• Rivkah, Tiferet (Beauty, Balance) – she is the wily one, like Jacob, who knows how things must turn out, who can create the reality that needs to exist, and who can draw on mercy or harshness as needed to accomplish her purpose

  • Miriam, Netzach (Victory, Eternity) – prophet, bearer and bringer of water (the right side), Moshe's sister, the one who knows how to celebrate victory over Pharoah's army

  • Devorah, Hod (Majesty) – warrior and prophet, the greatest female ruler in Israel.

  • Netzach and Hod are called Einei Hashem, "the eyes of God", and represent the power of prophecy, so Miriam and Devorah as prophets fit here pretty clearly, but the distinctions between Netzach and Hod in Kabbalah are pretty nebulous, so the order between them is tentative. The connection between Miriam and Moshe makes Miriam fit with Netzach well, but one could also argue for Devorah as Netzach, the victorious one.

  • Tamar, Yesod (Foundation) – the one who sits at the crossroads of Einei Hashem (i.e. between Netzach and Hod), who embodies the fullness of sexuality (as does Yesod), who joins with Judah (who represents Malkhut – this reverses the masculine and feminine assignments of these Sefirot), who is tzadkah, the righteous one, just as Yosef is tzadik.

  • Rachel, Malkhut (Kingdom) – the Shekhinah who goes into exile with her children and pleads for their return.
How do we fit Leah in? It turns out that the Sefardi nusach includes a reference to Binah (Understanding), so all that we need to do is to add Leah's name when Binah is invoked. You'll see this in the pdf you can download, which uses other parts of the same liturgy to fill out the seder ushpizin liturgy.

One thing you may have already considered is that it's not clear which of the other women besides the four matriarchs (2) should be included. Dinah, Hannah, Hulda, Esther and many others come to mind besides the ones we've already mentioned. Because allusions to the other foremothers, besides Sarah, Rivkah, Rachel and Leah, are so infrequent as compared to the forefathers, it's hard to know which allusion is the most important, both with respect to which figure to use and with respect to which Sefirah she should represent.

There is one clear text that assigns a Sefirah to each of the "seven prophetesses" which is quite different than the above order. Menachem Azariah deFano (3) gives this order in his work Asarah Ma'amarot: Sarah, Chesed; Miriam, Gevurah; Devorah, Tif'eret; Hannah, Netzach; Avigail, Hod; Hulda, Yesod; Esther, Malkhut. This order doesn't feel to me like the one we should base ushpizin on however: only one of the matriarchs is represented, and the three very strong correspondences between the Sefirot with Leah, Rachel and Tamar are left out. We might make a distinction for this question between the seven n'viot prophetesses, and the seven mothers.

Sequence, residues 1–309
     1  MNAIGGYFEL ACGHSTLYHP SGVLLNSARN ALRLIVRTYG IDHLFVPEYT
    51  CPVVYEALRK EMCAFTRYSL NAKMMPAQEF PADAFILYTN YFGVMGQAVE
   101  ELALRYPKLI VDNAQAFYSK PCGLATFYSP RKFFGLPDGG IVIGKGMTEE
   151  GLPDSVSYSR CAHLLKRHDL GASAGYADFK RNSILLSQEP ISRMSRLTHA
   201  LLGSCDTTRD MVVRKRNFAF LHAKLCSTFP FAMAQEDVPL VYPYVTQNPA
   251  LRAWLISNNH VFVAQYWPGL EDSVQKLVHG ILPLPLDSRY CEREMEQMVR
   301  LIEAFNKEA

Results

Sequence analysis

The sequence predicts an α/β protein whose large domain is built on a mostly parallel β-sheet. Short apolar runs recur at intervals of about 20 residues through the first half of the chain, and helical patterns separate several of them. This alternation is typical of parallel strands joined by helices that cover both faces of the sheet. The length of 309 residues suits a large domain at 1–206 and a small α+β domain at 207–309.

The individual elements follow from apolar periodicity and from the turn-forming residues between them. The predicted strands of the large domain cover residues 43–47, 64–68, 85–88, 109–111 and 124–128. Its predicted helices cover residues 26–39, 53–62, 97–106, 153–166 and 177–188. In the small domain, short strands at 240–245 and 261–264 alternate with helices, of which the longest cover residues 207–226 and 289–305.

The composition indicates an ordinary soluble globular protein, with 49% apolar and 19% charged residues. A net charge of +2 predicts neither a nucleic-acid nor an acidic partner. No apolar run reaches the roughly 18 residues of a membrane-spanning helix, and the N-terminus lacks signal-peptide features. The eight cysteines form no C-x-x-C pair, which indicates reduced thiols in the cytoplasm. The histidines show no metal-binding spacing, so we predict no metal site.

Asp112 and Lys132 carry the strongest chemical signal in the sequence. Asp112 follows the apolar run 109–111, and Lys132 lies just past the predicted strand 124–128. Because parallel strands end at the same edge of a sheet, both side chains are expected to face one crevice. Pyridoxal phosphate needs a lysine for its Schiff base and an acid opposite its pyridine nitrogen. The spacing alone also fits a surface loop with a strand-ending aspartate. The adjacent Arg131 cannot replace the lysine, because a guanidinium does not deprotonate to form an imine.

Reb Zalman's order is also quite different, with Sarah at Hod! The rest are: Miriam, Chesed; Leah, Gevurah; Hannah, Tif'eret; Rivkah, Netzach; Tamar, Yesod; Esther and Ruth, Malkhut. (4) (Download Reb Zalman's explanation below.) You can also find other liturgies, sukkah posters, etc. that add the imahot to the Ushpizin in different ways on Ritualwell. It would be easy to plug deFano's order or Reb Zalman's order (or any other order you're attached to) into the liturgy I've created, with the simple proviso that if Leah is included in the lower seven, one would leave out the mention of her name where it's used as an epithet for imma ila'ah near the beginning. (This line is the one that immediately precedes the invitation, Ulu, ulu.)

In all cases, making space for a liturgy that includes the imahot, especially where there is absolutely no halakhic rule about something needing to be said, seems not only good but imperative. May this action add to our "building the stature of the Shekhinah" (5) to bring redemption nearer.

Download the pdf! (Clear your cache or open in a new window if you ever downloaded an earlier version and want the final version.)
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Notes:

(1)
The most helpful source in doing this was not a particular book but an index of Kabbalistic literature called Torat Natan.

(2) This ignores the question of Bilhah and Zilpah, the handmaids of Leah and Rachel who also bore Jacob's sons, and who are included in a discussion of the "six imahot" in one of the early midrashim.

(3) Thanks to Aryeh Cohen of the SFKAUJ (AJU) for bringing my attention to deFano, which he learned about from Shaul Magid. Aryeh also spent time on the phone holding my hand through the Aramaic conjugations and declensions.

(4) You can read a 2-page pdf in Hebrew of Reb Zalman's explanations for these correspondences, provided by R. Ruth Kagan from the Hebrew volume of Reb Zalman's thought, Kirvat Elohim:Tikkun Olam v'Tikkun Halev (Jewish Renewal—Integrating Heart and World), which she edited. Click here to download.

(5) The phrase comes from the Or Hameir, Zev Wolf of Zhitomir, who calls on us to build up the Shekhinah to be equal, ayin b'ayin "eye-to-eye" with the Holy One. For him this is the essential task of the exile. Read his words here.


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Design in progress © Rabbi David Mevorach Seidenberg 2006